The original homesteaders, the pioneers who went West, were following the American dream as it was understood in the 19th century — they wanted a house, and land, and a farm, of their own. Those who become homesteaders today aren't necessarily aspirational in the same way; instead, they're looking to escape mainstream America. They want to do so for many reasons: privacy, radicali sm, a philosophical belief in self-sufficiency.


But "going off the grid" is a daunting proposal, especially for those with families. Non-homesteaders rely on others for virtually everything; not just our haircuts, but our electricity and our eggs. It's hard enough to figure out the right amount of groceries to buy for a week. Figuring out how many crops to plant to feed a family of four is exponentially more daunting. There are plenty of resources to help — message boards, how-tos. And here's one more, aesthetically pleasing resource from solar panel discount company One Block Off the Grid: a useful chart illustrating the land requirements for a family of four seeking nutritional and electronic self-sufficiency.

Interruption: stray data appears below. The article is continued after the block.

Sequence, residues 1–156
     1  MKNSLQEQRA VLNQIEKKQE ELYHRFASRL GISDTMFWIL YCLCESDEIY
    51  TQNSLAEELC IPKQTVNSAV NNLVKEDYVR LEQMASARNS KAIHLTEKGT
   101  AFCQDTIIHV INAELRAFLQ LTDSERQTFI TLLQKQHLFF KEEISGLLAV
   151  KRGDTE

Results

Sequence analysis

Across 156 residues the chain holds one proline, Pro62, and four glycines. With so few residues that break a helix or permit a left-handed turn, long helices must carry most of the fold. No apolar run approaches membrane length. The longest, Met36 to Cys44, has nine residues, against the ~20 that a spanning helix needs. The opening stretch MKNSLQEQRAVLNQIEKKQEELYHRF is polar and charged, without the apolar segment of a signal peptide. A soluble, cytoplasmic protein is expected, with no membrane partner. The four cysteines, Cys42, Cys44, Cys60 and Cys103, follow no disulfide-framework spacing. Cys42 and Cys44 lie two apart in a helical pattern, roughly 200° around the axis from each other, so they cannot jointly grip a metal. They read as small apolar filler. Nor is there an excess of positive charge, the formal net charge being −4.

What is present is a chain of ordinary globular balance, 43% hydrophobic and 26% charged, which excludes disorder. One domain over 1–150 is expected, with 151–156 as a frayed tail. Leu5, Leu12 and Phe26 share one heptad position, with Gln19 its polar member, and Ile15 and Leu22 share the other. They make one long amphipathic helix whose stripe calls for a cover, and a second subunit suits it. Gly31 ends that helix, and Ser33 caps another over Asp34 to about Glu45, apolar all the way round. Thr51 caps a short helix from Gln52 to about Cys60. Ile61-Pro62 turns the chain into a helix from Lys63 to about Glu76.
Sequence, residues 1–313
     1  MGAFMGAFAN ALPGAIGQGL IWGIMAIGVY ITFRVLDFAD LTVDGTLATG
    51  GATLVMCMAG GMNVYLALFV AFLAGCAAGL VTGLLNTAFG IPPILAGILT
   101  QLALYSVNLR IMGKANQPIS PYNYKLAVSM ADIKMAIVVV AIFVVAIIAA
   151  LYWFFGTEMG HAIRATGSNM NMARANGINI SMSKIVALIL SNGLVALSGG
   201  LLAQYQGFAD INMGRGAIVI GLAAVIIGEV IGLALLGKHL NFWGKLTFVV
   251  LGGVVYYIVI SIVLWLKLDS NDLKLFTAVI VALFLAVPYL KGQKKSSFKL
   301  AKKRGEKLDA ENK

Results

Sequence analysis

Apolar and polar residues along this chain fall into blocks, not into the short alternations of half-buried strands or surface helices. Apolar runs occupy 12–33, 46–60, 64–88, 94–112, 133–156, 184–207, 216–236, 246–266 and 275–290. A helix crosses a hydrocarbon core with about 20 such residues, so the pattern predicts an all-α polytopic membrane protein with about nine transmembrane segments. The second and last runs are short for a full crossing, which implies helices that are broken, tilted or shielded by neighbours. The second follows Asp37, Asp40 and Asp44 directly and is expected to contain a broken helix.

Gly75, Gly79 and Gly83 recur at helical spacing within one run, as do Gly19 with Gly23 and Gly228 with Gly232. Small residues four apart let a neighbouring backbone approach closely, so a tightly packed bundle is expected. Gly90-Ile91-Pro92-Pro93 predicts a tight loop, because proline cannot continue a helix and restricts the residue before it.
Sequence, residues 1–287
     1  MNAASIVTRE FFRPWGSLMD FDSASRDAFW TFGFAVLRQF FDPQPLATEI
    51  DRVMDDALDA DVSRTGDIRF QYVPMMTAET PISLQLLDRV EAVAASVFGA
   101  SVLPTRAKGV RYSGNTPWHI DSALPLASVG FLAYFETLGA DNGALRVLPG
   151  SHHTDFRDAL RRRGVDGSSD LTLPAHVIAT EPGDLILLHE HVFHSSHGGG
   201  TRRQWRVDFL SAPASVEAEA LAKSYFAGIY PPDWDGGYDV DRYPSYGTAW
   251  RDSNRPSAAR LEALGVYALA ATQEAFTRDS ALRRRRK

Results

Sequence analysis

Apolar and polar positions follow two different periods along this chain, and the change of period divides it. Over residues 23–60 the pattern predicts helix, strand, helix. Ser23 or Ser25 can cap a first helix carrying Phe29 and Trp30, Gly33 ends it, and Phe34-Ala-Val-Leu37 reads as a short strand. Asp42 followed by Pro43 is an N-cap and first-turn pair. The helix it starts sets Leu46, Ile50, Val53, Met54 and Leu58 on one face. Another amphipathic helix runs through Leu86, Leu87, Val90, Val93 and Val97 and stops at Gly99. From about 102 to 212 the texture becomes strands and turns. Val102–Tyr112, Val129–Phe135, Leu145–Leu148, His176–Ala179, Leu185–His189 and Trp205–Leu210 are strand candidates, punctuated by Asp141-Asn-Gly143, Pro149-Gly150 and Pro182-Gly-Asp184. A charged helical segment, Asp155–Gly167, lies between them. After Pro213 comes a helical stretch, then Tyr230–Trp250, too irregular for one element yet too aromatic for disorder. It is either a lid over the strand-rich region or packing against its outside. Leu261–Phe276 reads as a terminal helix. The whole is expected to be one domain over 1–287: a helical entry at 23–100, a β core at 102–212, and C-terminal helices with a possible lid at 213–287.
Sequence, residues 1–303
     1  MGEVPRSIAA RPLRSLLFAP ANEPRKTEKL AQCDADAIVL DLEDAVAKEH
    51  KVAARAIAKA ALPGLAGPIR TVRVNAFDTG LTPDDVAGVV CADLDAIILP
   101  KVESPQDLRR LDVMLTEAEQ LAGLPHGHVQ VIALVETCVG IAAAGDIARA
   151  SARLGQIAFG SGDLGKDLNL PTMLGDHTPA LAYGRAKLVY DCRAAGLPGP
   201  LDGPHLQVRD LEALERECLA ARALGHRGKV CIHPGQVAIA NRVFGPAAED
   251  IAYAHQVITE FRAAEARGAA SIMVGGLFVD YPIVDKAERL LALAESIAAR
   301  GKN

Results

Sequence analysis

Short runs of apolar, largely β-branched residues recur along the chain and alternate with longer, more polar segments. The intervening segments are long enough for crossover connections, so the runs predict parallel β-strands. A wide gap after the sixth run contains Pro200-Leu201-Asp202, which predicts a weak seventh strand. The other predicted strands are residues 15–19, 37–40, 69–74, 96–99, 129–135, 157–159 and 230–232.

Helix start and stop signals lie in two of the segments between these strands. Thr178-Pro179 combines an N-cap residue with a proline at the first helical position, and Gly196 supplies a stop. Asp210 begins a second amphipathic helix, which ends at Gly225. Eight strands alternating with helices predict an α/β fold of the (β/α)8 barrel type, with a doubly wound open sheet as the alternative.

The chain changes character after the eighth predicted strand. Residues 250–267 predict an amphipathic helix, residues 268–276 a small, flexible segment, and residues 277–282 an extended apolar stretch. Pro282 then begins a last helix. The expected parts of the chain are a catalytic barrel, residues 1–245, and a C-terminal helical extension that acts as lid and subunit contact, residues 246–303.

According to the company's research, a family of four that eats meat, dairy and eggs would need around two acres of land to feed themselves for a year. Ready to try it yourself, but short on land? A 2.9-acre plot of land in South-Central Alaska is available from the State for as little as $2400, payable by MasterCard or Visa. (NOTE: HuffPost Food refuses blame for anyone who tries to live off the produce they can grow in the Alaskan climate.)

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